As I sat out to learn more about men’s fashion in Pakistan and the people who run the show. I found that male models happened to be a most sought after yet the least known out of all the industry players. As you dig for information you encounter the customary saucy rumors, cold shoulders, bad grammar and things I deem inappropriate to write here. So for almost 3 months I sent out questionnaires to leading male models in Pakistan that contained variety of questions ranging from alleged casting couches to their thoughts about longevity of male modelling career and everything in between.
Part 1 includes interviews from Jahan E Khalid, Shahzad Noor, and Sheraz Sikander.
- Is there any product that you would never endorse? A piece of clothing that you would never model?
JEK: I can’t think nor recall any product that I won’t endorse provided that it is an A-list Product/item. I have modeled for almost all sorts of menswear thus there is nothing that I would never endorse.
SN: I would never endorse anything that would stand against my beliefs as a Muslim and my people. I have huge reservations about modeling in briefs.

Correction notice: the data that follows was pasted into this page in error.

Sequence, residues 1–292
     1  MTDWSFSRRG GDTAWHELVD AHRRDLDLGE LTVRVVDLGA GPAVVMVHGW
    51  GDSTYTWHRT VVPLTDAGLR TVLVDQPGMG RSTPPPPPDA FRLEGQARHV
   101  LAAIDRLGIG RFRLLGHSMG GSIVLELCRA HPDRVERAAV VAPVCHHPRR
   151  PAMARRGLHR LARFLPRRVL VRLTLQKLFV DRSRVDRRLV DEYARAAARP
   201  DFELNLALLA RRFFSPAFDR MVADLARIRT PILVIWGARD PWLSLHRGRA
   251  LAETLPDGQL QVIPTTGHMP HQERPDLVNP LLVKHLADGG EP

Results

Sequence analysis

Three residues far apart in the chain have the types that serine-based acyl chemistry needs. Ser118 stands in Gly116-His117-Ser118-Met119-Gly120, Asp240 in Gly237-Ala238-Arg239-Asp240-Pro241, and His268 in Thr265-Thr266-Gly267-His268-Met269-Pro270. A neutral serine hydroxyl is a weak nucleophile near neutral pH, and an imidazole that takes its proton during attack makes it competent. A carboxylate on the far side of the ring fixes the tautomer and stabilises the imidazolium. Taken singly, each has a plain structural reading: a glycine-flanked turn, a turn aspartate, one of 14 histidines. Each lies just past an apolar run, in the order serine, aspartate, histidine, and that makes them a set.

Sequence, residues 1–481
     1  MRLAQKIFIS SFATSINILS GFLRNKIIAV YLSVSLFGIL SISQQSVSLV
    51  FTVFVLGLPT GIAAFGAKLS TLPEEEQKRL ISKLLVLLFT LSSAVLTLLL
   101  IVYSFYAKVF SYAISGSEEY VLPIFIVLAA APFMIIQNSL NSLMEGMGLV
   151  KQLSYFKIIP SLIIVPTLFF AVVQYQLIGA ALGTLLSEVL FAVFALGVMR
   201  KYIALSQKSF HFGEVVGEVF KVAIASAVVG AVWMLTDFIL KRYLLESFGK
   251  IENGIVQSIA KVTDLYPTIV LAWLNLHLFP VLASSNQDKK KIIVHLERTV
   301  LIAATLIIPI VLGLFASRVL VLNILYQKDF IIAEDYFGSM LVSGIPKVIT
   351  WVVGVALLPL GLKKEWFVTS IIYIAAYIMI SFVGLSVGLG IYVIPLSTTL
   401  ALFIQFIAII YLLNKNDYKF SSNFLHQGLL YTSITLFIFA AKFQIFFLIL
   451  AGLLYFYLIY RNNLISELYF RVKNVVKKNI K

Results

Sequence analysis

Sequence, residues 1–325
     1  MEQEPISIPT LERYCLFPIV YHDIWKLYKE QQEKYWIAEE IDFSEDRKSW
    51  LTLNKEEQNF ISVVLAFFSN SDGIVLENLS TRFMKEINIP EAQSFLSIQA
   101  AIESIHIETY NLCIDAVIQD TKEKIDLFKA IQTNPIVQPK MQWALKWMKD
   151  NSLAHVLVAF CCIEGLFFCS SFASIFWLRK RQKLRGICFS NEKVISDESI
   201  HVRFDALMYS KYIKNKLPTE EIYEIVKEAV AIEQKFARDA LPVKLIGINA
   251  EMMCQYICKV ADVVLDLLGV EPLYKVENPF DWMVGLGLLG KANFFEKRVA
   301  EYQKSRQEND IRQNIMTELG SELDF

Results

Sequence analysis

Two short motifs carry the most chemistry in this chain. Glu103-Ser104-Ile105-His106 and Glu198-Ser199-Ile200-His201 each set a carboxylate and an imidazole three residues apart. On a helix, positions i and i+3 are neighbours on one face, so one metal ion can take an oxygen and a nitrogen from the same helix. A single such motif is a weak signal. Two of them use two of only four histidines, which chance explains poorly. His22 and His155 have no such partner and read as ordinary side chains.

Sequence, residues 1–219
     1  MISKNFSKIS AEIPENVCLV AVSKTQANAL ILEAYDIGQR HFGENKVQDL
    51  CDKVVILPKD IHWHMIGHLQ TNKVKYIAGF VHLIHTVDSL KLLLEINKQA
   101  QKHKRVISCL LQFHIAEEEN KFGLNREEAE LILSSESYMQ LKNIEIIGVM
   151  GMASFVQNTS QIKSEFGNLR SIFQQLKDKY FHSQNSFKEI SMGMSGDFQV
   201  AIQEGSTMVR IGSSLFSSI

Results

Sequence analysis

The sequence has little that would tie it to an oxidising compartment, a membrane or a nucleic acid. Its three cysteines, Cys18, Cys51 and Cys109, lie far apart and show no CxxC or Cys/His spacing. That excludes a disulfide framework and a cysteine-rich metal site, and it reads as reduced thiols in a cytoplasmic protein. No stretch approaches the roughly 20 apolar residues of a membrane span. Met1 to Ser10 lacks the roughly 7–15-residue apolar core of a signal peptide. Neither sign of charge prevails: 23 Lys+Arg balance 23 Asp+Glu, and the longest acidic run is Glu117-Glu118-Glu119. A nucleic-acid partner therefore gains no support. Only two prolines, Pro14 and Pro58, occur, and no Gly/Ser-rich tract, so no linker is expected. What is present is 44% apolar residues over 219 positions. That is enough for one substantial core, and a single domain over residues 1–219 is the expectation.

SS: I would not model/endorse any product that is not “manly enough” to wear.It isn’t about revealing, even underwear can look classy as on Tarzan but sometimes we see very feminish fashion around us that puts me off. A man must look like a man. The beauty is in being Adam.
- What’s your take about hair? Increasingly a lot of men are sporting Jesus beards ala Abbas Jafri
JEK:: Not everyone can achieve same style with the same impact that Abbas Jafri did with his. I for one prefer to go with a look which is impactful and can be carried for long without causing too much damage to my hair.
SN: In my opinion one should be comfortable in whatever they want to carry because if one is comfortable, it will naturally suit them.